“Which building do they own?” the quite new shareholder in Precinct Properties NZ Ltd asked me after the company’s annual meeting on the Auckland waterfront on Wednesday.
“All 4,” I said, pointing to the existing PwC Tower on Quay St, the new tower under construction across Albert St which will take the PwC name on completion next year, Zurich House poking through the middle from the Queen-Customs Sts corner, and HSBC House on the corner of Queen & Quay Sts.
Through the back of this accumulation of assets, the upper levels of the Quay West apartment tower (not a Precinct property) was also visible from the corner of Albert & Customs Sts. Not visible was a fifth Precinct property, Quay Tower, on the corner of Albert St & Customs St West.
The Precinct quartet pictured are a formidable collection on Auckland’s central city waterfront, each in its own right. They also happen to sit above the tunnels that will make the Britomart railway station a throughpoint instead of a dead end, and they are all undergoing their own distinct changes.
The rail link will make the immediate surrounds of the Britomart, new Aotea & new Karangahape Rd stations prime focal points for city activity, even more than the present Britomart bus terminus does.
Above those rail tunnels, Precinct’s Commercial Bay 2-level retail component is now scheduled for completion next March and the office tower on the Albert-Customs Sts corner the following month.
The HSBC tower will be transformed – a hotel on the lower levels, office space above it redeveloped.
Both the HSBC tower and Zurich House are being tied into each other & the new PwC Tower via the retail component and the laneways that will cut across the block. The existing PwC Tower is affected because some tenants will move to the new tower, and new tenants will move into both the new & old PwC towers.
In the financial year to June 2019, Precinct’s portfolio was revalued upwards by $161.7 million, or 6.1%.
From the annual meeting coverage below, you can gauge Precinct’s businesses in Auckland & Wellington and the company’s response to environmental issues.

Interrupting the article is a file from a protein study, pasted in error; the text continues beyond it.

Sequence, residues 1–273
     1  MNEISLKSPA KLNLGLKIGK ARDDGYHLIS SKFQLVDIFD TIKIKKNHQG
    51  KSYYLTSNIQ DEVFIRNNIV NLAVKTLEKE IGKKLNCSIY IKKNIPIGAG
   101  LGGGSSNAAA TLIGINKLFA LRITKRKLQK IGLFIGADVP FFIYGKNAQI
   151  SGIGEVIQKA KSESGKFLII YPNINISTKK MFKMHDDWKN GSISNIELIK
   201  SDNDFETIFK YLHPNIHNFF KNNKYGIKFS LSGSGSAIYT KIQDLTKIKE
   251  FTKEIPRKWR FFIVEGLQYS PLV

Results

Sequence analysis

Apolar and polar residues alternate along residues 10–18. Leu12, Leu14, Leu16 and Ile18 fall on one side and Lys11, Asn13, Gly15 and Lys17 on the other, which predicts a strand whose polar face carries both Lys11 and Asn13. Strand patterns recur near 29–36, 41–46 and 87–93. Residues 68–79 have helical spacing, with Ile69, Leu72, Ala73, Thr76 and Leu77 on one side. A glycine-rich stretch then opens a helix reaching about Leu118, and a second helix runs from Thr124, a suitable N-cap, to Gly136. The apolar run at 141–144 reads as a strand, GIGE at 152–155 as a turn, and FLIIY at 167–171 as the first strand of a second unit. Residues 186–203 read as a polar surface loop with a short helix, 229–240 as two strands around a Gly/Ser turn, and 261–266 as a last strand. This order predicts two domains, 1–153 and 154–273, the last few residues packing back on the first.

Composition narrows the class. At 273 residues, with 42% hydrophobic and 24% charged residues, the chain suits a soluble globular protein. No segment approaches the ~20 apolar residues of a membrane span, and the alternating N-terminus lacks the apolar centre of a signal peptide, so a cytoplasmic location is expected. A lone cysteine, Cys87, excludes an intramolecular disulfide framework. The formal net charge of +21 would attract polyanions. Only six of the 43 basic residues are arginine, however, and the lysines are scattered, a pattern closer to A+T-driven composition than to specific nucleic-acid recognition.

Mr Stobo said the company’s board had decided to hold payments to directors at last year’s level after an annual review.
The 2020 first quarter dividend has been increased by 5% to 1.575c/share.
Following a review of dividend policy, Precinct will transition towards paying out about 100% of adjusted funds from operations as dividends. the company will use retained earnings to fund capital expenditure required to maintain the quality of its portfolio.
Chief executive Scott Pritchard gave an overview of Precinct’s Auckland/Wellington central city focus: “The Auckland city centre market is particularly strong. It is achieving higher growth compared to the wider Auckland region. With office employment expected to grow by around 11,000 city workers by 2023 and 30,000 additional inner-city residents over the next 10 years, activity levels in the Auckland city centre will be underpinned by these drivers.
“Auckland is New Zealand’s gateway city, it is moving ahead at an increasingly fast pace and we recognise the value of being located here. It is a hub for ideas, productivity, social development & much more.”
At the Commercial Bay office tower & retail precinct, under construction on the site of the former Downtown shopping centre and linking in 1 Queen St (HSBC House) & 21 Queen St (Zurich House), Mr Pritchard said 98% of the retail space was leased. Total office commitments are around 82%, with a number of leases under negotiation.
The opening dates are unchanged from those given in August – next March for retail, next April for the PwC office tower.
In the Wynyard Quarter, Precinct committed to stage 2 of the development on Madden St last year without tenant commitment. The office space is now fully leased, a year ahead of completion. The project is on budget and slightly ahead of programme.
The Generator business:
Precinct’s acquisition of the Generator coworking business is part of the central city focus: “The way in which people are working is changing and we are responding to this. The most recent example would be our purchase of the remaining 50% of coworking company Generator. Generator allows us to provide flexible office space and meeting & events solutions to a broader range of New Zealand businesses. Generator is the leading flexible space provider in the Auckland city centre and its business is highly complementary to Precinct’s strategy.